|Title||Long-Range Coherence in a Short-Pulse Fel|
|Publication Type||Journal Article|
|Year of Publication||1993|
|Authors||D. Oepts, R.J Bakker, D.A Jaroszynski, A.FG van der Meer, P.W van Amersfoort|
|Journal||Nuclear Instruments & Methods in Physics Research Section a-Accelerators Spectrometers Detectors and Associated Equipment|
|Date Published||Jul 1|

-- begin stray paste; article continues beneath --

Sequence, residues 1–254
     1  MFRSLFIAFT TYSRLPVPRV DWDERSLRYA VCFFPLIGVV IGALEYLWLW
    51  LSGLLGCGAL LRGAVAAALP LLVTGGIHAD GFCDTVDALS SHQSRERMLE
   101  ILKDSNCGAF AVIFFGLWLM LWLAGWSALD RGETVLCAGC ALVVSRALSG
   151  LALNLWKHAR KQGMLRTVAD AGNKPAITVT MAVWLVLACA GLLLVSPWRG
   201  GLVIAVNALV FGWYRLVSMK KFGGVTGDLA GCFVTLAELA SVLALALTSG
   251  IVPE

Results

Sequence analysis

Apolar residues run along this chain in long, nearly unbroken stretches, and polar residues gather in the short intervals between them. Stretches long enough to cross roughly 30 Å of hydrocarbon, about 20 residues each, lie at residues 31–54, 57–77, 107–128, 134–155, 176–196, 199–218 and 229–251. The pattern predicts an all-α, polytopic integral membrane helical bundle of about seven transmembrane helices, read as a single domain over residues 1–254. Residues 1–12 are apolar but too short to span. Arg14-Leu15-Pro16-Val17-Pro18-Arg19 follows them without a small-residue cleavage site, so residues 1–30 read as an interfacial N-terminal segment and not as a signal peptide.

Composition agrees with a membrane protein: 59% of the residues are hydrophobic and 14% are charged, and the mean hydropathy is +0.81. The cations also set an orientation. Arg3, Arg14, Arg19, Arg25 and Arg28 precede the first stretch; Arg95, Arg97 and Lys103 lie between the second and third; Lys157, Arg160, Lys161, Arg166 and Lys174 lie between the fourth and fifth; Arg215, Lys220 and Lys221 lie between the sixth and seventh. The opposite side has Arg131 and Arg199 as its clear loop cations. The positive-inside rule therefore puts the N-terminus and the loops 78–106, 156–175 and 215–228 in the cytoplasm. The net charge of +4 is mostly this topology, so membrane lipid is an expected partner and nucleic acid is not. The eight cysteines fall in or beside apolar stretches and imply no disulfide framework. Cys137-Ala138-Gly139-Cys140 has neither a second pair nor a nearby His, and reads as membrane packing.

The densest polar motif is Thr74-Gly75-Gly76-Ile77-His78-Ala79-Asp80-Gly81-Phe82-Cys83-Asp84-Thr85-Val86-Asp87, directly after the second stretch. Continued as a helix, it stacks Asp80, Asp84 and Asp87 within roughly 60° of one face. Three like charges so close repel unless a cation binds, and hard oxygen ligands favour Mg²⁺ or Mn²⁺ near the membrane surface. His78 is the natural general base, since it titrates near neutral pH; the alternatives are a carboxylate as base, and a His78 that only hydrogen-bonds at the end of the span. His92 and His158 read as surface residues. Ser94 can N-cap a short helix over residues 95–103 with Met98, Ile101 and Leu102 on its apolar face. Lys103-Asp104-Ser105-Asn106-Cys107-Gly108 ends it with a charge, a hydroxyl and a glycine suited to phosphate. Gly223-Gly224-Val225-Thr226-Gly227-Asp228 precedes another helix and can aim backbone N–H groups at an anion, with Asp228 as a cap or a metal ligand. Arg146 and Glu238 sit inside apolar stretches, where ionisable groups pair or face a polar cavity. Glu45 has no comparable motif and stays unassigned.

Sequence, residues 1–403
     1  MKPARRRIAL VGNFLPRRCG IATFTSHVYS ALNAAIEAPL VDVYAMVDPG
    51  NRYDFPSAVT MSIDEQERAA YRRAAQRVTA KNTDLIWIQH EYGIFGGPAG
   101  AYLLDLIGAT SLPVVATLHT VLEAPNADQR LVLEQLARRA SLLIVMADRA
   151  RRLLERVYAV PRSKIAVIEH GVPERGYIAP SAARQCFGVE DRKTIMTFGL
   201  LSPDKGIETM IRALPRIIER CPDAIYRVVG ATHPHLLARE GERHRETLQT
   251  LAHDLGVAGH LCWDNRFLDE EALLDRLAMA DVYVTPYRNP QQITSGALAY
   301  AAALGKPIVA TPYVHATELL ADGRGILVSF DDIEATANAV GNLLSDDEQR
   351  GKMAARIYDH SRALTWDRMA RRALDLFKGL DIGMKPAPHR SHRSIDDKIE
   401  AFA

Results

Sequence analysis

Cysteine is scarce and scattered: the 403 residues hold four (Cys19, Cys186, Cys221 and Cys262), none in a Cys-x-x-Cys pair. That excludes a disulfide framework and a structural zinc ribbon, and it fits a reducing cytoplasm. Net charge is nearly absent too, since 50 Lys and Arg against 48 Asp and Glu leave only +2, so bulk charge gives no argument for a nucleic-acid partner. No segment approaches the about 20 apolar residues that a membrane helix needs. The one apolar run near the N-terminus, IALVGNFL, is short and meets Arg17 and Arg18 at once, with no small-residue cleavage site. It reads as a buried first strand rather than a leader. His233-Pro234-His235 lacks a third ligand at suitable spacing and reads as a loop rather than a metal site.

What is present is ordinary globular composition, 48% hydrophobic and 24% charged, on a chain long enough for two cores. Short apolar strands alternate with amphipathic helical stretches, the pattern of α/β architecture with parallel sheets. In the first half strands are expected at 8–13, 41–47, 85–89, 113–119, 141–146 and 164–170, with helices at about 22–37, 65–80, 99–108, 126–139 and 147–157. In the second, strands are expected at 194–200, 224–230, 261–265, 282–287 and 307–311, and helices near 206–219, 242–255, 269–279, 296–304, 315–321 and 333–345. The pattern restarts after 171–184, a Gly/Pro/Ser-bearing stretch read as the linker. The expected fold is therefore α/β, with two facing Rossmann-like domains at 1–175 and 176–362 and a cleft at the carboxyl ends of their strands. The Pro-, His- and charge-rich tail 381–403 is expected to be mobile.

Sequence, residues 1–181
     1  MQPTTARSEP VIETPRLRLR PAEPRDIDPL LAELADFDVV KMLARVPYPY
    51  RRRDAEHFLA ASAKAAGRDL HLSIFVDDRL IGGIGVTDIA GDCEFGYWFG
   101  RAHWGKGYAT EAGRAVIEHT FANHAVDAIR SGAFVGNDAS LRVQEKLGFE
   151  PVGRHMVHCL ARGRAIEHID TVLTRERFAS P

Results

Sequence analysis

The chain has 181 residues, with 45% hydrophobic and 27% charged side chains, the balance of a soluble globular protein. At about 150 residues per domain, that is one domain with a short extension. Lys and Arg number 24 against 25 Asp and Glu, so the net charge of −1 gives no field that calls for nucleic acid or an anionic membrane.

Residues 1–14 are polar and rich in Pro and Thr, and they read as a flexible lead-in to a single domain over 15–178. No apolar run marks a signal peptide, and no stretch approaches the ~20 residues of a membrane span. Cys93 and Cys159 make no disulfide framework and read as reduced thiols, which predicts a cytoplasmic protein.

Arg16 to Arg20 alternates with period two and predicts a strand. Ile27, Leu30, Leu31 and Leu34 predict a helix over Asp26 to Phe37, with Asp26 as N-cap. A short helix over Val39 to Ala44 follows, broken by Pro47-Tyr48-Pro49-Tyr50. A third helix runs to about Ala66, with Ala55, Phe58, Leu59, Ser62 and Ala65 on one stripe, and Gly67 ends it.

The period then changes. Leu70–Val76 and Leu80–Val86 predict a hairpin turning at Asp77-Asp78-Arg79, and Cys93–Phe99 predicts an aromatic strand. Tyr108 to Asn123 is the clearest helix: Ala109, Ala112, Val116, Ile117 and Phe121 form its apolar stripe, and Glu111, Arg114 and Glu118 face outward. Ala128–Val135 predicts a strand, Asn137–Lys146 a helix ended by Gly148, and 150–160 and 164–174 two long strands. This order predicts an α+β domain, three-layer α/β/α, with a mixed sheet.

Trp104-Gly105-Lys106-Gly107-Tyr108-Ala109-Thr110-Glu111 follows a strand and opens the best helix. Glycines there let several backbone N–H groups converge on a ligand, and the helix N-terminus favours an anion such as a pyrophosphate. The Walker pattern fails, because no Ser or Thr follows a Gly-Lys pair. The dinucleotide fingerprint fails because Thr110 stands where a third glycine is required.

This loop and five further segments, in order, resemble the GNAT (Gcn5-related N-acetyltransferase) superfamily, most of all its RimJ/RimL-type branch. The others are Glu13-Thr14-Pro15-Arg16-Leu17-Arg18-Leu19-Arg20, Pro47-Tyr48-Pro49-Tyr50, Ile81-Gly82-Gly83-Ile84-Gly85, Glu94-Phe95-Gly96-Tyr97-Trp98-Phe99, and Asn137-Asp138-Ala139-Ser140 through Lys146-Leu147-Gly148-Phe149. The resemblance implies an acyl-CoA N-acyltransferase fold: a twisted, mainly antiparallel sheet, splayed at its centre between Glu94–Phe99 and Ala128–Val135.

In the free electron laser for infrared experiments (FELIX), a radio-frequency linear accelerator is used to deliver electron micropulses with a duration of about 3 ps. The micropulses are repeated at a frequency of 1 GHz. The length of the optical cavity is 6 m, so that 40 independent optical micropulses are simultaneously circulating in the cavity. Almost complete coherence has been induced between the multiple pulses in FELIX by means of an intracavity Fox-Smith interferometer. A large fraction of the cavity modes is suppressed in this way, and the remaining lines have a relative width on the order of 1:10(6). The stability is in the same range. The gain and saturated power of the laser are almost unaffected. A single mode can in principle be selected from the output beam. This makes the resulting radiation useful for high-resolution spectroscopy applications. Coherence between successive micropulses has also been observed, quite unexpectedly, without the Fox-Smith arrangement.
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